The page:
If you can execute a query you can find out the distribution of work across parallel execution slaves by querying the dynamic performance view v$pq_tqstat which is populated by your session after you’ve executed a statement that did some parallel work. Here’s a simple script dumping the contents:
rem rem Script: pq_tqstat.sql rem Dated: March 2001 rem Author: Jonathan Lewis rem Purpose: Report PX message passing after the event rem rem Last tested rem 18.104.22.168 rem 22.214.171.124 rem 10.2.0.3 rem 126.96.36.199 rem 188.8.131.52 rem rem Notes: rem Ideally, run your parallel query, then run this query immediately rem afterwards. In most cases there will then be only one DFO available. rem rem The DFOs are 'pushed down', so number 1 will be the most recent rem if you have several outstanding sets of results rem rem TQ Table Queue rem DFO Data Flow Operation rem rem Under Oracle 7 and (possibly) 8.0, you could get only one rem DFO for any SQL statement, and a maximum of 2 sets of parallel rem query slaves. From 8.1 onwards, it is possible to get multiple rem DFOs for a single SQL statement - each DFO can then operate two rem layers of PX slaves. If this occurs, I have found that sometimes rem only one or two of the DFOs for the statement survive in v$pq_tqstat. rem (v$px_sesstat does not have this problem (see px_stats_92.txt) but rem v$px_sesstat data does disappear as soon as the query ends). rem set linesize 120 set trimspool on set pagesize 24 set arraysize 25 column server_type format a11 column process format a7 break on dfo_number skip 1 on tq_id skip 1 on server_type spool pq_tqstat select dfo_number, tq_id, server_type, process, num_rows, bytes, waits, timeouts, avg_latency, instance from v$pq_tqstat order by dfo_number, tq_id, server_type desc, process ; spool off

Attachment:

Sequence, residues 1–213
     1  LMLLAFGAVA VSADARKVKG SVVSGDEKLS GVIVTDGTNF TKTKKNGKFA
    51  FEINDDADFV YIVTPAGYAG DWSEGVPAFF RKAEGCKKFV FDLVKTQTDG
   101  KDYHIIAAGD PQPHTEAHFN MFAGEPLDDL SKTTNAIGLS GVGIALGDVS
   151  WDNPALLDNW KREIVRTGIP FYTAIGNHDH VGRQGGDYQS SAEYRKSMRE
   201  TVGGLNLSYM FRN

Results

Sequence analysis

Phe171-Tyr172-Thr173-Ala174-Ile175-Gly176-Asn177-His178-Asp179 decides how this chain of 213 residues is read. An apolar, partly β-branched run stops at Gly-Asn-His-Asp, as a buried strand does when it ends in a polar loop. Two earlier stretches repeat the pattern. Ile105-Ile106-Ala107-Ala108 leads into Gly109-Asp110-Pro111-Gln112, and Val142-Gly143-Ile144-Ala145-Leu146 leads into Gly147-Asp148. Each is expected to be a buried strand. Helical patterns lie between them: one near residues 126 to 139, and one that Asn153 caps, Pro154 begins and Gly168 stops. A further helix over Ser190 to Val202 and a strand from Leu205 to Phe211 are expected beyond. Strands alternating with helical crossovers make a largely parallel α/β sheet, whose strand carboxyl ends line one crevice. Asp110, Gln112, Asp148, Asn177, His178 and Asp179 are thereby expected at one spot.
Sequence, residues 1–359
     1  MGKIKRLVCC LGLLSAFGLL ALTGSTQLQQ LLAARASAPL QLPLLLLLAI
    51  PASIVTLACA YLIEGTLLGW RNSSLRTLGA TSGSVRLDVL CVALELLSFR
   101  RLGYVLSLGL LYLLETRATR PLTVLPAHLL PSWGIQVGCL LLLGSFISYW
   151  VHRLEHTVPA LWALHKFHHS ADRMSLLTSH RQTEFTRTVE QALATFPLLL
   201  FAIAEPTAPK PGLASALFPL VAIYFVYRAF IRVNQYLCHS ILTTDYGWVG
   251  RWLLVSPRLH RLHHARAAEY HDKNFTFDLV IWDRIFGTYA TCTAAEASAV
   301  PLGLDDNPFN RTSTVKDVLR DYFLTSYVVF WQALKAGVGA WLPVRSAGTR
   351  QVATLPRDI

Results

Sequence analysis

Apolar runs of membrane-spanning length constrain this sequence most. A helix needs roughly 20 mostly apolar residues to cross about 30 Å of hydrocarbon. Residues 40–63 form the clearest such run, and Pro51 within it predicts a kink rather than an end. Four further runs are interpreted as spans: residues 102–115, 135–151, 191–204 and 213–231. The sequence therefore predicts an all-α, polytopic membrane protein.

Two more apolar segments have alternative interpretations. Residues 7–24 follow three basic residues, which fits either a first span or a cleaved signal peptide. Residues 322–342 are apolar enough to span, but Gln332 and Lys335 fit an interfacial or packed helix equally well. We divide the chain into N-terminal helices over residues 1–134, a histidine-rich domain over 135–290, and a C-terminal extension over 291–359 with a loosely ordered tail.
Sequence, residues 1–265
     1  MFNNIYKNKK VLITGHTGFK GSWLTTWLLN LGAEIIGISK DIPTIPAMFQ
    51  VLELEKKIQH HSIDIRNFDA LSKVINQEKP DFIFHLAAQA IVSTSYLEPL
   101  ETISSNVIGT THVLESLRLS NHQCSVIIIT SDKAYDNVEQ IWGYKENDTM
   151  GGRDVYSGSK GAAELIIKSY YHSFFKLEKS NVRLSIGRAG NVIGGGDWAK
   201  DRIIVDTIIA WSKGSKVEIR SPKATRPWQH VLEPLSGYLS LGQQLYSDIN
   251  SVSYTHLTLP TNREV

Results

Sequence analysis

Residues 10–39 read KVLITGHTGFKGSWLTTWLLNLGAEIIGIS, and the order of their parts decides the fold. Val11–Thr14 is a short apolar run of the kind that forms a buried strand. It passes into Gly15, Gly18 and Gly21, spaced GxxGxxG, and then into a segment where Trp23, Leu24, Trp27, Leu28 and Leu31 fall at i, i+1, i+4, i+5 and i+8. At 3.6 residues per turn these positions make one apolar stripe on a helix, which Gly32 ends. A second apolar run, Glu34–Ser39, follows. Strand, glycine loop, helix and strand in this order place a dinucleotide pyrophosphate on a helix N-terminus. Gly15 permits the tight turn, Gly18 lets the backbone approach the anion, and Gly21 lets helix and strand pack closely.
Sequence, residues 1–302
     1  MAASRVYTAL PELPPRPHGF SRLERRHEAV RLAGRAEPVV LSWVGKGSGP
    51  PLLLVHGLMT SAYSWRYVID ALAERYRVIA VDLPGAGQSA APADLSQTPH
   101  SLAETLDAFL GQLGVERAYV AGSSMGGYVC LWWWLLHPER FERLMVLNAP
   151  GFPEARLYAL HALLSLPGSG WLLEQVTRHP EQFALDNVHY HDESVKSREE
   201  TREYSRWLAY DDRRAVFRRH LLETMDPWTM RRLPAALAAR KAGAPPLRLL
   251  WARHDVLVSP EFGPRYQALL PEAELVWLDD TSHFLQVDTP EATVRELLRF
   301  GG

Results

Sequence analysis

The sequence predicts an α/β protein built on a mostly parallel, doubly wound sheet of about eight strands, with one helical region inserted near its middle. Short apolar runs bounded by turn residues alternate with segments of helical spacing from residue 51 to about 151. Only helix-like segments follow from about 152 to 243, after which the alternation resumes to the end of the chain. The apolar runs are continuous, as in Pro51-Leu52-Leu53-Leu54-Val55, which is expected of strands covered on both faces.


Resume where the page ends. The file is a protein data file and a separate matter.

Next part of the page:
The ordering on server_type is quite important – it gets “rangers” before “producers” and “consumers” in a table queue, and that’s exactly the order in which the activity has to go.
There a similar note on my old website with a few more comments and a sample of output, and a recent example on the blog of using the query to investigate a feature of “Top N” running in parallel on 12c.